From Amber Crain:
Chicagoans... a few months ago my boyfriend's bike was stolen from outside his downtown office in the loop despite being locked with a kryptonite u-lock. He got a new bike, the strongest u-lock available and a chain lock.
Last week, someone attempted to steal his bike again. Below is some video footage. The thief wore a yellow "official looking" public service coat while using an angle grinder with sparks flying. You see where security began questioning him, at which point he attempted to show a security badge, but then fled.
This is a notice to all Chicago bike riders as well as pedestrians. If you see this, say something!!!! This guy is a professional. Please share this post with your Chicago friends. Even if we can't ID him by sharing the post, we can drive awareness that this scenario isn't official - it's theft.
Ha ha! Including the bike thief? Do you think that guard would be stupid enough to accept a scrap of paper with the frame number written on it from Mr Yellow Jacket?
C'mon Ernesto...to prove ownership, you've gotta produce a LEGAL DOCUMENT with both your name and the frame number on it. Like a Bike License from the City of Chicago. Or a detailed receipt from an LBS.
We're living in the Wild West here in Chicago when it comes to bicycles. There's no law! Possession is 100%; once you have that bike in your hands, it's YOURS. And no one can prove differently.
One thing you COULD do if you had the foresight. Would be to etch your NAME on the frame. Then you could prove the bike was yours if a cop asked. But in the case above, that STILL wouldn't have helped the guard confirm a theft. Because chances are, the guard wouldn't voluntarily look for or see your etched name somewhere on the frame.
Hey why don't you go ride your bike, get off the internet, and stop being a troll.
Thanks Yasmeen. Kinda cute!
And Gage B, I HAVE been riding my bike today. Decent weather, finally. Don't think I've looked at ChainLink for a week or more. My intent today is to EDUCATE, not stir up any arguments as a troll does.
Serge seems to realize the need for proper bike ownership documentation; the rest of you seem clueless. Sorry.
Sorry for what?
Sorry but not really sorry. See trolls^^
The guard probably doesn't ride, so he doesn't know how all this works in the Chicago bicycle underworld. Bike thief probably won't think of that either since he's in a hurry to steal a bike.
I am not going to be carrying around receipts. Does anyone?
To prove ownership, I take down the serial number, know what parts are on the bike, etc. I make my bikes unique. If stolen, I wish a fast and speedy death to the thief.
If I am not the one rising these, they're stolen. Precautionary measures is that the bikes are in the bike room at home and double locked outside if i know I am going to be eating out/meeting a friend, I make sure the bike is locked and within my sight.
Pink work commuter bike fixed gear mountain bike, locked in building's garage. All others, in the house. In the dedicated bike room.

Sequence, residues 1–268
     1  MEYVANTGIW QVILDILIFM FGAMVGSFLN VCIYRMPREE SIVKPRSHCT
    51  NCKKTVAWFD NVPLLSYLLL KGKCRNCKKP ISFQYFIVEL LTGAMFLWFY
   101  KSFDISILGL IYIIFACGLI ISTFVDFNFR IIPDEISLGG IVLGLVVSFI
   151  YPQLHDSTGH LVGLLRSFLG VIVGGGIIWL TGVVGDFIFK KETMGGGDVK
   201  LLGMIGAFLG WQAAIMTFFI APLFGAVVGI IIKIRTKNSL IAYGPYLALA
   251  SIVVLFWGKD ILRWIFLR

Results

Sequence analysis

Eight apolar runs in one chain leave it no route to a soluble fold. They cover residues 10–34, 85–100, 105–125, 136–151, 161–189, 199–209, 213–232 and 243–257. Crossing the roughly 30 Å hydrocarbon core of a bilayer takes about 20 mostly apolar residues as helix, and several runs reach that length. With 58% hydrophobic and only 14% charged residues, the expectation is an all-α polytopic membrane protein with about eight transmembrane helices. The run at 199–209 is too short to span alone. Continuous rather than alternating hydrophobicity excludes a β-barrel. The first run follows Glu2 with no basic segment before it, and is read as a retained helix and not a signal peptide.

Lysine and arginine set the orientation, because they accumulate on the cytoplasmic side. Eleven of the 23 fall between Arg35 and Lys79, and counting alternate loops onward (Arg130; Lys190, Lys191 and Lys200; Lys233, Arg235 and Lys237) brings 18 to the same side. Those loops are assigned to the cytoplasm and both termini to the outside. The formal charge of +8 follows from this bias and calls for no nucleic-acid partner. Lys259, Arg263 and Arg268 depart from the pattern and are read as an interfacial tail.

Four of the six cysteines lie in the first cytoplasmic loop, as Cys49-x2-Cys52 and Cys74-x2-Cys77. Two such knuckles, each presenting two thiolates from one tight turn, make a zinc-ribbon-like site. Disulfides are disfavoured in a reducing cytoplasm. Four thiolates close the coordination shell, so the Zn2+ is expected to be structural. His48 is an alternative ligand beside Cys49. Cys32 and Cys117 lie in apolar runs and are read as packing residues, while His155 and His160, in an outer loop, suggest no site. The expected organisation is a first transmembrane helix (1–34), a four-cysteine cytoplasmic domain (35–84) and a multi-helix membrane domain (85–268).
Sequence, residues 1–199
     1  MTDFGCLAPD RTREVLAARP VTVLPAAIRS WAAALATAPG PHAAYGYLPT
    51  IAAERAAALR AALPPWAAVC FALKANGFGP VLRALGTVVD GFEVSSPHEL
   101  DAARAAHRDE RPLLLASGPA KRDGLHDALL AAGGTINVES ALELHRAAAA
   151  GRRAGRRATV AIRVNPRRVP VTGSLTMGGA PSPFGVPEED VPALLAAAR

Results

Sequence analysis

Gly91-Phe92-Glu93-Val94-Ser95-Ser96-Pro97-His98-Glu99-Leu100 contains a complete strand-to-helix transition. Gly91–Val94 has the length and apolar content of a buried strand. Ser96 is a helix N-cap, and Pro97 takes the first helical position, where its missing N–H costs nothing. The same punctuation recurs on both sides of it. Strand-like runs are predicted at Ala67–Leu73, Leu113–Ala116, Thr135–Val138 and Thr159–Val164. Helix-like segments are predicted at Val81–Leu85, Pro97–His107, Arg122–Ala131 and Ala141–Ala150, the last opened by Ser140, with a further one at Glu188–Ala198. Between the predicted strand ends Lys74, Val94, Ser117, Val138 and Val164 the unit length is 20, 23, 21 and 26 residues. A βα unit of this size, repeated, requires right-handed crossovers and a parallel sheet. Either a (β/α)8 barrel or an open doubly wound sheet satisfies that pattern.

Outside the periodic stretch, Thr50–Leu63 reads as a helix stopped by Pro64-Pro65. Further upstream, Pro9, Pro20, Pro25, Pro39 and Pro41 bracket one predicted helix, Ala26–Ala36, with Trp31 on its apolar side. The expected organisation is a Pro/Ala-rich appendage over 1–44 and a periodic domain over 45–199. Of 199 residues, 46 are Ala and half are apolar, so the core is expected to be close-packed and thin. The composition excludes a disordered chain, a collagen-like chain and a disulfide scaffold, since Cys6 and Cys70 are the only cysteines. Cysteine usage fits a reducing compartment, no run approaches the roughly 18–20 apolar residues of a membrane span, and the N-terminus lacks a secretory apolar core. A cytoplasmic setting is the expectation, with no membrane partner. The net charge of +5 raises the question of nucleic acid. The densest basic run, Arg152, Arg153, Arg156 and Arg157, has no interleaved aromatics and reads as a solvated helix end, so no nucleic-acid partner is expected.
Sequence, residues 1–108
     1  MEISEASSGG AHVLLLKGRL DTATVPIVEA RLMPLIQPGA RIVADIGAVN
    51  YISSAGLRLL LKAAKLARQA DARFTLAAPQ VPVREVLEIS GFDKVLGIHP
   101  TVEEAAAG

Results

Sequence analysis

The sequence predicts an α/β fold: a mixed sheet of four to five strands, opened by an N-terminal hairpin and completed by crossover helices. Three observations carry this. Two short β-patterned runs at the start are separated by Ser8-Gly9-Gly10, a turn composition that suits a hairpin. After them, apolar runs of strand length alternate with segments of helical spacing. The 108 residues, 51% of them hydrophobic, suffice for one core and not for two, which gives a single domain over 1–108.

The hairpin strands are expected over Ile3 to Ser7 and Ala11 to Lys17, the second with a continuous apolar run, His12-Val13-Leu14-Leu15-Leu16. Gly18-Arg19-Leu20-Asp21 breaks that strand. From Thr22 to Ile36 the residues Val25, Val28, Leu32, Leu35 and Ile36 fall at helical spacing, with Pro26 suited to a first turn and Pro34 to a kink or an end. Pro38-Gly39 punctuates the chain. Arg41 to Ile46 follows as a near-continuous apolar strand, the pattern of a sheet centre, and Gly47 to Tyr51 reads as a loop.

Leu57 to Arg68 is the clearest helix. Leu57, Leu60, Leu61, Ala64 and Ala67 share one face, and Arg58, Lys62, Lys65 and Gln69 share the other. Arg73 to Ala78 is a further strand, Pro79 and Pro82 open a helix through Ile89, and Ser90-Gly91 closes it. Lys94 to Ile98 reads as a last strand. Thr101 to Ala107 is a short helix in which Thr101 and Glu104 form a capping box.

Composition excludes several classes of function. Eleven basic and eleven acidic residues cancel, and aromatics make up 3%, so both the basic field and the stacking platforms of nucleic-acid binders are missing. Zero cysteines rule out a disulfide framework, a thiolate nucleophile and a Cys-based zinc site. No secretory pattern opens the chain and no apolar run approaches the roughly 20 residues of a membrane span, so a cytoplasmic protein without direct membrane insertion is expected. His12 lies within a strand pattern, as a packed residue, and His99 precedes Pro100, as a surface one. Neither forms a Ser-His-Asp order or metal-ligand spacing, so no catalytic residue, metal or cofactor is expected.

Did you read this part?
"Last week, someone attempted to steal his bike again. Below is some video footage. The thief wore a yellow "official looking" public service coat while using an angle grinder with sparks flying. You see where security began questioning him, at which point he attempted to show a security badge, but then fled."
Well Mr Yellow Jacket didn't need to flee; what could the guard do? My little play-acted scenario I wrote above was hypothetical. And the thief could have claimed ownership, continued with his grinder until the bike was freed, get on and ride away. The guard had no basis to stop him. Maybe another two minutes' work?
The point I'm trying to make is, without a Chicago Bike License system, there is very little that can prove bicycle ownership. I know the concept is unpopular on ChainLink. But there ARE some positive aspects to mandatory bike licensing. Sorry.
And BTW Ernesto, you have some fine-looking wheels there. Where do you live?
That scenario is possible, although it would take an exceptionally brazen thief to pull it off. The idea of bike IDs or licenses isn't bad, if they were voluntary and minimal in price. One question is, how would you license bikes for which there is no receipt or proof of purchase, like mine? None of them are stolen, but I've never bothered asking for receipts on inexpensive (but not suspicious) used bikes. I keep pictures of my bikes on my phone that would show up in Android as having been taken years ago. I think that would at least help.
Hi Jim! I'm usually impressed with your posts. And this one is no exception. But brazen thief? Thieves are 'by definition' brazen and bold. Have you seen the security CCTV clips on the evening news this week of the thieves breaking into all the Chicago LBSs and yanking $10 000 bikes off the ceiling and making off with them? How much more brazen can you be, to commit the same crime time and time again?
Bike thieves with angle grinders know that there is no way they can be stopped, even if confronted by security guards or cops. Because these security people have NO WAY to dispute their stories of ownership!
You're not alone; NO ONE asks for or carries receipts for the bikes they ride. And even if they did, those receipts wouldn't show the FRAME NUMBER along with YOUR NAME. Pictures of similar bikes don't cut it. Security people cannot tell one bike from another.
How would the City license bikes? Only by possession....if you're riding the bike, then you own it. And can license it. I'm sure stolen bikes would be licensed along with legally-purchased bikes. But a data base of thousands of licensed frame numbers would form along with names and addresses, against which stolen bike reports could be matched. And your 'brazen' bike thieves would be eventually be brought to justice.
At least that's the way I see it.
Hi Yasmeen! I AM truly sorry...to be posting different points of view. This is Chicago...and THIS IS OUR MOMENT!